Rating: 4 stars
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Length: Novella

 

The sixth village on the great and dreadful prairie between Ammet and Oshe is as wild as it is free. The prairie is also home to many of Ammet’s criminals and it’s the best way for Ammet to manage its prison population, while slowly building human habitats. After all, what better way to lay claim to the prairie than to slowly encroach upon it with slowly growing settlements? So far, Ruse has found his place in the village. He earns his daily bread by disposing of the dead at the city dump and bringing back news of any new goods Ammet’s powerful wizards have transported there for the benefit of the village. But he also has the task of manning the secret mirror used for communication between the various villages. And Ruse is determined to help the villages thrive. Not for the glory of Ammet, but to eventually help the villages claim their own independence—thereby thwarting the plans of the ruling class in Ammet.

But Ruse’s drive for revenge has tempered since he arrived on the prairie. You see, Ruse knows the prairie is more than just a harsh landscape that can dash the best laid plans. The prairie is immortal magic…and Ruse will stop at nothing to keep the prairie safe. When a strange newcomer arrives at the village, Ruse is instantly suspicious. Old friends also bring information about a change in Ammet’s plans for the villages the prisoners have built. Soon, Ruse will have to reveal who he really is if he is to have any hope of saving the prairie and the life he loves.

Ground of Insurrection is a dystopian fantasy novella from author Mell Eight. The prairie setting is austere and enthralling and Eight found a good balance between showing what daily life was like for Ruse and his friends, combined with world-building details about the origins of those villages. I liked the juxtaposition of a wild prairie—which made me think of wild west tropes—with the obvious magic that sustains the village. I think this also worked well with the very hierarchical society Eight describes. Overall, it gives a great mental image of a wild, untamed landscape, but one in which there are rules that must be followed if you want to keep your life. This actually works on two levels. First, new arrivals to the village have to mesh with the rest of society or risk getting killed for upsetting the balance or not earning their daily meals. Second, the village as a whole has to appease the magical prairie if they want their various ventures to succeed (these ventures are often development tasks given by the city wizards, like starting agricultural activities or building two-story abodes).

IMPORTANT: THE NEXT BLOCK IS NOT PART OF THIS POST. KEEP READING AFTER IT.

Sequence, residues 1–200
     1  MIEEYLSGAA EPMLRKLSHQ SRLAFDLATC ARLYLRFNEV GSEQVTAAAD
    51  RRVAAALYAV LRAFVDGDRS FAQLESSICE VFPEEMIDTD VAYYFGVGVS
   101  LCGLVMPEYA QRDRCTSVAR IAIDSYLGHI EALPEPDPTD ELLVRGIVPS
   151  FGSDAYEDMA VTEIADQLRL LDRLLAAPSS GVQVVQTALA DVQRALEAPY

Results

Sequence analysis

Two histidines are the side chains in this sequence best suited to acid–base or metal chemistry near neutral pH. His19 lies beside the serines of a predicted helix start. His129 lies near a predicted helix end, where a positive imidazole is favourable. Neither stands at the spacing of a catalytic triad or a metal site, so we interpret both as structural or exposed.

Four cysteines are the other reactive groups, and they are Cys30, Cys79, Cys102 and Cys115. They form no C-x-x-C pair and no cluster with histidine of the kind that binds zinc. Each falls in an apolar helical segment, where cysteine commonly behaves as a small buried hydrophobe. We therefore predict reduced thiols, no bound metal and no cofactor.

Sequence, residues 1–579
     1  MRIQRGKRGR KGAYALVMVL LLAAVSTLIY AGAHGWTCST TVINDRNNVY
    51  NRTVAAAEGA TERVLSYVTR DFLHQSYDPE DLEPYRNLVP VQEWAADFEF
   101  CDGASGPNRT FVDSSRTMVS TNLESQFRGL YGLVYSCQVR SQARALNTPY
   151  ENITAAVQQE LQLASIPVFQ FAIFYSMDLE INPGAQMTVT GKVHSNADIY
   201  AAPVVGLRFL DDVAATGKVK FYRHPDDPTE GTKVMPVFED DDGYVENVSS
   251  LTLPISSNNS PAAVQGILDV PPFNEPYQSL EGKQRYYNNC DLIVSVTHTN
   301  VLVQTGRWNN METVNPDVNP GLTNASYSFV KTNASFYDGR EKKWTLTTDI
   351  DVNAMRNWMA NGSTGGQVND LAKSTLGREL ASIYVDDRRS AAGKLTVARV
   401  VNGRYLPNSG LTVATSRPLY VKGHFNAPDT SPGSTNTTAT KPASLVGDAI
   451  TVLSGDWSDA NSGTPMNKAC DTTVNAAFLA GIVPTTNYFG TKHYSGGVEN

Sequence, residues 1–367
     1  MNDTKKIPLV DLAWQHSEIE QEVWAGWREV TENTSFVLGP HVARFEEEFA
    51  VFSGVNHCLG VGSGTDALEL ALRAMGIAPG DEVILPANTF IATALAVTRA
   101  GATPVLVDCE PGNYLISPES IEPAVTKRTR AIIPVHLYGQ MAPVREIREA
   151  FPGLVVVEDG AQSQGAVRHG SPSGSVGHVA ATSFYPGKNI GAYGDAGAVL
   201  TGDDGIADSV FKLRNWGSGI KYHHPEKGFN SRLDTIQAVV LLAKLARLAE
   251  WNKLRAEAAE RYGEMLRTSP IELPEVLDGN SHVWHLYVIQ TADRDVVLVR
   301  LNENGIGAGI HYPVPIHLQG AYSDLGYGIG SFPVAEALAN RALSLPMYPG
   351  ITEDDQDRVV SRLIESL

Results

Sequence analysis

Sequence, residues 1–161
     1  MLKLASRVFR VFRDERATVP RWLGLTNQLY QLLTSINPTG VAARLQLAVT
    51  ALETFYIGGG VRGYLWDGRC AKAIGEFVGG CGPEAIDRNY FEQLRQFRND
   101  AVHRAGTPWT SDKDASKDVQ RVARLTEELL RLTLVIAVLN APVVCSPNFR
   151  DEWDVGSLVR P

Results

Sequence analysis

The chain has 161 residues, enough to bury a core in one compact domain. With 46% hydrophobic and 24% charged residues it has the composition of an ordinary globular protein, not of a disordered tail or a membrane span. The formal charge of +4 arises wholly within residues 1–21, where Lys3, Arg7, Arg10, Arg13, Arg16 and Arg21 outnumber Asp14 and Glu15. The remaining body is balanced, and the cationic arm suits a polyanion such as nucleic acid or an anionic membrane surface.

The one hiccup for me was how Eight tries to blend the prairie-dwelling village of prisoners to Ruse’s backstory. It all becomes clear enough, but some of the big reveals felt clumsy. For example, someone’s name gets dropped into a conversation, but there was no build-up, no foreshadowing, no context in which to understand why that name was in any way important. For me, this made it difficult to mesh the prairie world I’d been immersed in with the drama that actually lead to Ruse living in that prairie world.

As for the romance aspects, I personally enjoyed how pragmatically Ruse handles his non-existent love life. When Ruse first arrives on the prairie (not the town, just on the prairie), he’s at the mercy of the elements and meets an enigmatic man named Mesic. The two spend some time together that leads to Ruse developing real feelings for Mesic. But Ruse needs to get to the village if he hopes to survive, so the two part ways. All of that happens off-page before the story begins. The Ruse we meet is burning with unrequited love for Mesic, but knowing that he must wait for Mesic to come to him, Ruse slakes his lust with another consenting villager when his hand just no longer satisfies. On page, Ruse finally gives into a little sexual release with Ethan not long before he finally gets another chance to see Mesic and lo, Mesic is jealous. That combination of unrequited love, the love interest being jealous, and the two slowly working towards finding a way to be together was pretty enticing to me.

Overall, I thought Ground of Insurrection was an exciting read. I liked how the introduction painted a fairly straightforward picture, wild west meets magic, but the reality is more nuanced, with so-called criminals who just might be better at community building than the society that rejected them. I enjoyed Ruse’s unrequited love thread that morphs into a genuine get-together and how their relationship plays a critical role in saving both the village Ruse helped build and the prairie itself. If you’re looking for a short story that still offers a rich world with interesting and dimensional characters, I think you’ll enjoy this book.

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